As far as the background goes, the Pevensies don't enter the story at all. This time, Eustace takes center stage; the book opens at Eustace's school, a horrible forward-thinking place low on discipline, where bullies rule and the Headmistress thinks they're all rather nice people, really, just misunderstood. Eustace and Jill are both hiding from Them; giving the bullies such a sobriquet instantly imbues them with a deep sense of menace.
The two protagonists find themselves suddenly in Narnia - and bullying and school are further away than they can believe. They find themselves sent on a mission by Aslan - to save Narnia again. It has been decades since Voyage, and Caspian is old and grey.
Unfortunately, Caspian's beloved wife, the Star's daughter, was killed by a foul serpent and his heir has mysteriously disappeared while obsessively searching for it. Aslan has not been seen in a very long time, and Caspian resolves to go on one more sea voyage, in the hope that he might find Aslan and speak to Him.
Eustace and Jill find themselves on a massive mountain range overlooking Narnia - and beyond, to the Northern Mountains. Through a series of mishaps that are hard to explain, Jill and Eustace are separated, and Jill meets Aslan, although it is not a very comfortable meeting. He gives her signs to follow, and sends her (and, retroactively, Eustace) on a mission to rescue the Prince - and Narnia too, of course. But they don't receive the help in Narnia they expected; they end up travelling in dead of night into the far Northern wastes with only a Marsh Wiggle (strange froglike creature) for company. Of course they mess up most of the signs. But the world they discover is amazing in the extreme...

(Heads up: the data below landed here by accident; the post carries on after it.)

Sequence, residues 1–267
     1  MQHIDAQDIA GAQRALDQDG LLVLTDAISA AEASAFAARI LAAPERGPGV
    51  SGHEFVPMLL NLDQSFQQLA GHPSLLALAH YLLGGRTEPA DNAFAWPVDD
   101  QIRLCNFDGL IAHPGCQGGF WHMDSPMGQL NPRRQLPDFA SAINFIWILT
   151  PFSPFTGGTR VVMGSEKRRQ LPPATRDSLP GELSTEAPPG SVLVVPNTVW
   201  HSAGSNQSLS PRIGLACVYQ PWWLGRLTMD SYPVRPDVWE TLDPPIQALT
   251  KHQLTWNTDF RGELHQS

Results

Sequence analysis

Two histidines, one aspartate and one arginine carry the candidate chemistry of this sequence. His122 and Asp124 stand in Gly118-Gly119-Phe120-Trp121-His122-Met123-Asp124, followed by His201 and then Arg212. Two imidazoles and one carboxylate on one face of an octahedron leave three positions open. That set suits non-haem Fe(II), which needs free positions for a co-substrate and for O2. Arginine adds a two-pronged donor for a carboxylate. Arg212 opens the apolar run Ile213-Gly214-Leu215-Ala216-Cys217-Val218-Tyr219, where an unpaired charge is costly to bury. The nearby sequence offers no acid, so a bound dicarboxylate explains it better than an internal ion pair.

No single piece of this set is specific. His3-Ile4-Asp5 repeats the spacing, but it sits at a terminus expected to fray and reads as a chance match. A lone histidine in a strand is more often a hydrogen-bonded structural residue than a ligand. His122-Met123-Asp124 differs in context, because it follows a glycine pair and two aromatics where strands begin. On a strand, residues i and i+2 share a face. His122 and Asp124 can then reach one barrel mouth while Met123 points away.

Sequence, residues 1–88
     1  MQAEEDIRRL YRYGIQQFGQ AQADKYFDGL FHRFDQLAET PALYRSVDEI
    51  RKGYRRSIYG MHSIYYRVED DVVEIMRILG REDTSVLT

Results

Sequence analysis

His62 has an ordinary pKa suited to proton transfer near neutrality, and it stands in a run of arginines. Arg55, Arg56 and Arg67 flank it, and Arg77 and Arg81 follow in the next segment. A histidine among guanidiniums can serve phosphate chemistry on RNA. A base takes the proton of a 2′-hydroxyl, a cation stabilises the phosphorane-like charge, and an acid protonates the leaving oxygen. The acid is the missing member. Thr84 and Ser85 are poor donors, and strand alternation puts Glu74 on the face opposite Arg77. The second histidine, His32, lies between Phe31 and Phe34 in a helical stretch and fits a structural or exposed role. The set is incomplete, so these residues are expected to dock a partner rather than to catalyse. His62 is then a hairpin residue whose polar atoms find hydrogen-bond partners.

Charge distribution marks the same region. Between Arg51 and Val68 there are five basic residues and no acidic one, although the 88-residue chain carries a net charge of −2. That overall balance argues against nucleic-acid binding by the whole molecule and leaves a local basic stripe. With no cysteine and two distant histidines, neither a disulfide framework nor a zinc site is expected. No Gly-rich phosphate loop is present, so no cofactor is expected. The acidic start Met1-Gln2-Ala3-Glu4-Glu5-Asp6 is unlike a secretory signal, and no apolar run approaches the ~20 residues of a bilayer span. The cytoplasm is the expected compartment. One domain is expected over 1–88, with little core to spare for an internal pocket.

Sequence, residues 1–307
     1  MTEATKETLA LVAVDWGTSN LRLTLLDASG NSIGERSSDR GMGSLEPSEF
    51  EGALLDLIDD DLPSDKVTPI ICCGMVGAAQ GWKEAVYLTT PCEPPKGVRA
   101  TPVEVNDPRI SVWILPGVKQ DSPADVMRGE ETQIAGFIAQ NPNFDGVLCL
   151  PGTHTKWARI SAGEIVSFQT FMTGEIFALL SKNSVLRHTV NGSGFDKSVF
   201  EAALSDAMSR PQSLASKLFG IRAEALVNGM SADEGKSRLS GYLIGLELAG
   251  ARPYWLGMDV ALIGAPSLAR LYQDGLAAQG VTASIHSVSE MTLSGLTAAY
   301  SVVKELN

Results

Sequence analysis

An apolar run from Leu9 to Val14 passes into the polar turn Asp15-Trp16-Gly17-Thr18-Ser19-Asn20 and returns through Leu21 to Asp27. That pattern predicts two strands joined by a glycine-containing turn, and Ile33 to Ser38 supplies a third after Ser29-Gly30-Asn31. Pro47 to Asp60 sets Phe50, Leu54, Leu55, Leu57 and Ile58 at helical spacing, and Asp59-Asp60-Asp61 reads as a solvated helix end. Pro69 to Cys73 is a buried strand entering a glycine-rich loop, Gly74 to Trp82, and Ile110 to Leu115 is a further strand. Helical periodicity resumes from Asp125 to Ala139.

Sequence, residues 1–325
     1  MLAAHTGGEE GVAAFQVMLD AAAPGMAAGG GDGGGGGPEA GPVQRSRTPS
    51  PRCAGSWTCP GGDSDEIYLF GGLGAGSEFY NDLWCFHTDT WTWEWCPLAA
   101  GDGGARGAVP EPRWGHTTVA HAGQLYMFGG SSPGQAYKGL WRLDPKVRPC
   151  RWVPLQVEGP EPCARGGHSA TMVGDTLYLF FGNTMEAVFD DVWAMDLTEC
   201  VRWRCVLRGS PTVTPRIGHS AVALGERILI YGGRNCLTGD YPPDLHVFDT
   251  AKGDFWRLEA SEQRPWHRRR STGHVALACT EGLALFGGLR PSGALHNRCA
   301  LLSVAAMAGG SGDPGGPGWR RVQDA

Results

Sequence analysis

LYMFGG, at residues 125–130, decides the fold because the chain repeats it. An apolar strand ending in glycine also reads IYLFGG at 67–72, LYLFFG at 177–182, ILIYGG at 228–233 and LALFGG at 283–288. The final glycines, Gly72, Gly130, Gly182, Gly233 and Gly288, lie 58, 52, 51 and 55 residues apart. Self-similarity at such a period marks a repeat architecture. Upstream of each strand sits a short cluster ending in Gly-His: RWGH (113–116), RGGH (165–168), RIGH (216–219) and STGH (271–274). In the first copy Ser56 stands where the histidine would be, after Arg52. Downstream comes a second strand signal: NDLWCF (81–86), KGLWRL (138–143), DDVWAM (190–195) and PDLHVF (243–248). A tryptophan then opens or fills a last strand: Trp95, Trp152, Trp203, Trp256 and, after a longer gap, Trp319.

It's amazing how God uses our ridiculously weak and silly attempts
to serve Him - patiently and graciously - so that it's our availability rather
than our accomplishments that are the most telling. Two children and a marsh wiggle are
hardly a magnificent army capable of saving the North from a vile green witch, yet they might succeed
where armies of brave, strong knights have failed. They don't miss or ignore all the signs,
and they actually manage to hold their own against the evil they have been sent to
fight, in spite of great odds (and nasty giants).
The Last Battle
I think the title of the book says it all: it's a representation of Armageddon - a Narnian apocalypse, but theologically sound for all that. It is some generations (Narnian generations, not Earth's) since Chair, and Narnia is ruled by Rilian, a fine knightly king whose closest friend and confidante is Jewel, the Unicorn.
But trouble has come to Narnia. An Ape has discovered a lion-skin in the river and dressed a Donkey in it, telling the Narnian Animals that it is Aslan. The Ape conceals the Donkey in a shed and brings him out at night, when the deception is harder to penetrate. The Ape begins to institute all sorts of decrees "in the name of Aslan", even making an alliance with Calormen to conquer the land. The Calormenes use the Talking Horses to cut down the Trees - while the Ape preens himself and orders the Talking Beasts around.
Rilian - captured and tied to a tree for later execution - desperately calls on Aslan, and finds himself staring through time and space into a dining-room containing the "friends of Narnia" - from Digory and Polly to Eustace and Jill - and begging them for help. Startled, they set about a plan to get to Narnia involving the old Magic Rings which were buried in Professor Kirke's yard in Nephew - although they aren't in the end used - and Jill and Eustace, on the train-platform one minute and in Narnia the next, arrive to rescue Rilian apparently moments after his urgent call.
Is it too late for Narnia? Can Rilian and the children still recue the Animals and Trees? Or will the Tisroc win?